OPINION: Trans bodily autonomy should not be up for debate


Chloe Zarrinkelk

Transgender people are faced with frequent harassment, yet still continue fighting for their right to exist happily. Throughout history, they’ve continued to persevere despite roadblocks and surely always will.

Carmen Quinn, Writer

When thinking of bodily autonomy, the first thing that comes to most people’s minds is abortion. Although this topic is more relevant than ever with recent laws such as the Texas abortion ban, other forms of bodily autonomy are not often talked about. 

 Key examples of trans autonomy are the laws that are in effect to limit the power trans people get over their own body. One of these is the law passed in February of 2021 in Alabama which aims to criminalize the ability to transition as a youth. With these laws being passed as an attempt to limit the control trans people have over their bodies, it’s important to discuss why trans autonomy is so important, and debunk common arguments made against it.

One of these arguments is the idea that hormones and other ways of transitioning will cause harm to people seeking this care. A common misconception is that hormones will cause major mood swings, especially among trans men. This idea has been furthered through TV shows like The L Word, where characters taking hormones are intended to be unlikable.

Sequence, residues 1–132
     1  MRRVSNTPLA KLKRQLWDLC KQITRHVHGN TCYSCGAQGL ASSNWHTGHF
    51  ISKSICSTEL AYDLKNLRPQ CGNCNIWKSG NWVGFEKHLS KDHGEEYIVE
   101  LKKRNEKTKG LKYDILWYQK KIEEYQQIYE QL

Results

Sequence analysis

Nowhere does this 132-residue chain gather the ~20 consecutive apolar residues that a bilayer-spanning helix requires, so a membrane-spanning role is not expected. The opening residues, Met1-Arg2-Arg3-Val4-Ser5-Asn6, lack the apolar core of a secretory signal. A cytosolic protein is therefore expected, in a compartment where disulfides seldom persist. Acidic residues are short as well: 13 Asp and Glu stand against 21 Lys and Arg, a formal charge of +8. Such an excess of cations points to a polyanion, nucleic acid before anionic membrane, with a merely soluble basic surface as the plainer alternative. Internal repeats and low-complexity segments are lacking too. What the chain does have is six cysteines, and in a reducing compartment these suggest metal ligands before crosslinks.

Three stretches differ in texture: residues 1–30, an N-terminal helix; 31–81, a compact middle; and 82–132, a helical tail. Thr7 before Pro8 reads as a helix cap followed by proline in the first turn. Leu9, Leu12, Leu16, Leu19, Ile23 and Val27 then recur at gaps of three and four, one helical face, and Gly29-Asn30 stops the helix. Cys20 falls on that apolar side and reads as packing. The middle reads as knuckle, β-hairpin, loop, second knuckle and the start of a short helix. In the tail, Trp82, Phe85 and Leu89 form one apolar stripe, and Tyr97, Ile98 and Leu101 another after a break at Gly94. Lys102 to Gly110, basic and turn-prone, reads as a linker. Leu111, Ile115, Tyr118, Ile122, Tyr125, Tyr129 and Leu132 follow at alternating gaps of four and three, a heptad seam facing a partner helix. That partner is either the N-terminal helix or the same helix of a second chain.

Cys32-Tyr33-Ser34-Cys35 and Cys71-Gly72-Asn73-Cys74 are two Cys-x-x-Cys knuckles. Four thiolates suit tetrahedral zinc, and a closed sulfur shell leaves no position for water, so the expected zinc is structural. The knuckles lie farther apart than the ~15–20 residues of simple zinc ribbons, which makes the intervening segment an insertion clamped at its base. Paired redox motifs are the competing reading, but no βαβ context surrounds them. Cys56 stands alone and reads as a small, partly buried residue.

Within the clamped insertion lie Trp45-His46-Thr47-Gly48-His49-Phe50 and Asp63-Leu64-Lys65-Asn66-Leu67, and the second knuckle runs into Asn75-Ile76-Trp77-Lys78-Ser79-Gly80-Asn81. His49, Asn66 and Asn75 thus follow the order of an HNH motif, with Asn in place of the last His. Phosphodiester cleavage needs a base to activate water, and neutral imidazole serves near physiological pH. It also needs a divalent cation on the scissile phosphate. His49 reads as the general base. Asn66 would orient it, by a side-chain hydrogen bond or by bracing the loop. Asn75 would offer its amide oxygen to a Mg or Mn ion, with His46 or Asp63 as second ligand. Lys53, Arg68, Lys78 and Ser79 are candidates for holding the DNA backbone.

Although there might be a little readjustment, it is rare that hormones will affect one to the extent people are told they will. This myth is particularly harmful to children seeking to transition because it is normally easier to transition at a young age, due to puberty not having occurred at this point.

Another common argument against the autonomy of trans people is that it should not matter how they feel because they were assigned a certain gender at birth. This could not be further from the truth, however, as sex is what is assigned at birth. Gender is how one identifies, with the two ends being male, female and most people landing somewhere in between this binary. 

Trans people are unfortunately discriminated against frequently and are not the ones to be scared of but the ones to admire. (Carmen Quinn)

A more simplified version of this is that one’s sex, which is what physical traits they have, does not correspond with their gender. 

An issue trans youth are facing currently is discrimination in the school system. In states such as Arkansas, laws that are aimed to exclude trans children are going into effect. A key example of this is trans children in sports, where it has been made legal to “inspect” children who are suspected of being trans to see if this is the case.

The problem with this is that there is no other way to “inspect” children without seeing their reproductive organs which is completely inappropriate. It is unfair to force any child to go through this let alone have only certain children have this occur.

Trans people belong in schools, trans people belong in sports, trans people belong in the world. Gender affirming care is something that has been proven as a need and can come with years of turmoil due to gender dysphoria and stigmas regarding gender differences. 

When gender itself is ultimately a societal construct it is ludicrous to not let people pick their own path in terms of this. 

Trans children especially need these affirming roles, so it is important that gender nonconformity is not only accepted but celebrated. Through recent depictions of trans people in the media like Pose and Disclosure we are in the right direction but it is important to keep pushing for progress until trans people achieve equality.

What do you think?